FRANKLIN – Jessie Fraley hardly felt ready for swimming sectional preliminaries when she stepped up to the blocks this past week. She could tell before she dived in for the 500-yard freestyle that things were not going to turn out well — and she was right.
Two bad times later, Fraley was in tears on the pool deck. She had struggled in the 100-yard backstroke as well and she assumed her coach, Zach DeWitt, would be upset with her, but he wasn’t. He knows all the Franklin boys and girls swimmers’ strengths and weaknesses.
Fraley’s weakness exposed itself in big moments, like this one. DeWitt came to the sophomore swimmer with an anecdote.
“Every decent movie I’ve ever seen in my entire life starts off with a team or a person that’s struggling, and that’s the point of the movie, to see them overcome adversity,” DeWitt said. “I compared it to a book. I kept saying, ‘Jessie, turn the page. You’ve got to trust that the next page is going to be better.’”
He was right. Two days later, Fraley came back almost 14 seconds faster and won the 500 freestyle final. She also swam a state-cut time in the 100 backstroke. Her swims contributed to a dominant team performance as Franklin swept all 11 sectional races and, in six events, went 1-2.
The Grizzly Cubs will send eight swimmers – 13 counting relay alternates – and one diver to this weekend’s IHSAA girls state finals at the Natatorium at IUPUI.
For years, the Indianapolis swimming scene has been dominated by the north side — places like Carmel, Zionsville and Fishers. But Franklin has quietly established itself as the premier swim program of the south side.
DeWitt, who took the Franklin job in 2012, is something of a bookworm. He reads books on mindset and overcoming adversity, and calls mindset “the most powerful weapon you can have.” Lately, he especially likes a book by John Gordon called “The Energy Bus.” He passed it along to one of his swimmers to read this season — his team calls it “DeWitt’s Book Club.”
He is also very organized, something swimmers say was absent in the program before DeWitt came aboard. On the walls of the pool deck are schedules that help swimmers with daily requirements and long-term goals, including an individualized tapering schedule.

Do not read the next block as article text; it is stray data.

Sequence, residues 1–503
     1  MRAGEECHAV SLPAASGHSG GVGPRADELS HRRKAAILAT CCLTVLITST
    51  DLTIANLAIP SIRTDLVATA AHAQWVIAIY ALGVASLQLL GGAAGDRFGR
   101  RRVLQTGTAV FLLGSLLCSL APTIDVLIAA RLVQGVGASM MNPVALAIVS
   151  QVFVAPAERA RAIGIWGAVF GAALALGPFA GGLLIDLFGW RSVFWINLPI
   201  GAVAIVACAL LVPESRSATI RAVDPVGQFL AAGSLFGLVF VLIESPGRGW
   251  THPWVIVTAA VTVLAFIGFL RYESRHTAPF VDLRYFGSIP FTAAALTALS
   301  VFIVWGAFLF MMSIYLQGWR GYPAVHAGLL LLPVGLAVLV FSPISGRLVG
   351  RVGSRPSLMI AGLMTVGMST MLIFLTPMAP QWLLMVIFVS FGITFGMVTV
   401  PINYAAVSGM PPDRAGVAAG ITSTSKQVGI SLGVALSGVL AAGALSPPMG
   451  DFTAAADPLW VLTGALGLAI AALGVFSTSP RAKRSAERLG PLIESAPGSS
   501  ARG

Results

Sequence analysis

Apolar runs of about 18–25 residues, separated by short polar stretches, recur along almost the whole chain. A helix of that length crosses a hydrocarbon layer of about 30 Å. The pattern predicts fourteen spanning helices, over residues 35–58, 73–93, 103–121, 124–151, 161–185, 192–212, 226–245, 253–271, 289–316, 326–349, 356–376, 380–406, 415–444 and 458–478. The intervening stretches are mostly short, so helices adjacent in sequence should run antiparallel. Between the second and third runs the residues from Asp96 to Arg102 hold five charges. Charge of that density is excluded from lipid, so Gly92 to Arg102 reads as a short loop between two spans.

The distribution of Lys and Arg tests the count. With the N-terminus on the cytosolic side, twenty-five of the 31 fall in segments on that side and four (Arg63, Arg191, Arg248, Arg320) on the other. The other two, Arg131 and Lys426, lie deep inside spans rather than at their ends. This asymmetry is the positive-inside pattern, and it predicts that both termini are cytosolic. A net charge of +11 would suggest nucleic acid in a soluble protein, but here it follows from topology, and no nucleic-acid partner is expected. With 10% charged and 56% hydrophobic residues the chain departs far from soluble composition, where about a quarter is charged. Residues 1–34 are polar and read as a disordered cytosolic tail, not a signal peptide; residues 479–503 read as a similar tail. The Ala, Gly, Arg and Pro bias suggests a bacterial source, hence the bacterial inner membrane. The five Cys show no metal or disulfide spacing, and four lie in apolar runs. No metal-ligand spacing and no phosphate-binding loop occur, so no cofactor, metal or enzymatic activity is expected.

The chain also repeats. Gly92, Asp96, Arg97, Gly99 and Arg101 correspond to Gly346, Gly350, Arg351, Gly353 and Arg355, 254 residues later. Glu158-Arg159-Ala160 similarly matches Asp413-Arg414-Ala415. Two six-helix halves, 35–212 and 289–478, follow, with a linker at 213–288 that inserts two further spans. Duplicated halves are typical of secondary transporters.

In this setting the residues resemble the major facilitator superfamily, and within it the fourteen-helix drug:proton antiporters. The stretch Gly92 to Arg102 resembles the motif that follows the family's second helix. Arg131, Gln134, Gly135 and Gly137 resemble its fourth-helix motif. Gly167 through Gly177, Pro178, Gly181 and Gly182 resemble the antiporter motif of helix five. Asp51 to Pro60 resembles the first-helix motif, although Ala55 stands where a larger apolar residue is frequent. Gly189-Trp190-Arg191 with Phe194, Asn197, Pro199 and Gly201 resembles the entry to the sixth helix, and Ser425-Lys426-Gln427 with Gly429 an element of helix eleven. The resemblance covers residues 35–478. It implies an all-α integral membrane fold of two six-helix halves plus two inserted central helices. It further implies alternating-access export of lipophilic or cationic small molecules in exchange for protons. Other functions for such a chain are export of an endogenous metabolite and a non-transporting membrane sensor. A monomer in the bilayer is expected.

“I really see an attitude change,” said senior Aaron Lamm, who’s been involved with the program since his older brother was a senior four years ago. “Everyone is shifting, being more adamant about coming to practice, working hard and being more serious about the sports.”
Continuity in coaching is another factor. Assistant coach Alex Jerden is also the head age groups coach for the Franklin club program. One of the advantages DeWitt sees in the north programs is the consistency of coaching, whether it’s Chris Plumb in Carmel or Andy Pedersen at Hamilton Southeastern.
Fraley and sophomore Carla Gildersleeve both swam for DeWitt when he coached for Club Mart in Martinsville, which is why Gildersleeve and her family relocated to Franklin when DeWitt took his current job.
But there is something else that powers Franklin, too.
“I think it’s because we’re the underdogs,” Gildersleeve said. “All the big clubs are up north and there aren’t a lot of things down south in Indy. So I think that just motivates us to be something different, coming from a different part.”
It might be some time before Franklin’s programs can challenge the north for state team titles, but the writing is on the walls — literally.
High up on the wall, the girls’ record board shows 10 of 11 swimming school records were set in 2016.
“For us, I can’t help but say being on the south side has been an advantage,” DeWitt said. “If we were on the north side, perhaps we would have had an athlete or two move programs to achieve success.
“What we’ve tried to do recently is put the athlete first. And I think if you promote that ideal and you are doing the right thing, taking the right initiatives, nine times out of 10, they’re not going anywhere because those results are going to happen.”
Follow IndyStar reporter Jordan J. Wilson on Twitter: @Wilsonable07.
IF YOU GO:
When: Preliminaries begin at 6 p.m. Friday; diving preliminaries and semifinals begin at 9 a.m. Saturday; finals begin at 1 p.m. Saturday.
Where:Natatorium at IUPUI, 901 W. New York St.
Admission: $8 per session, $12 for both days.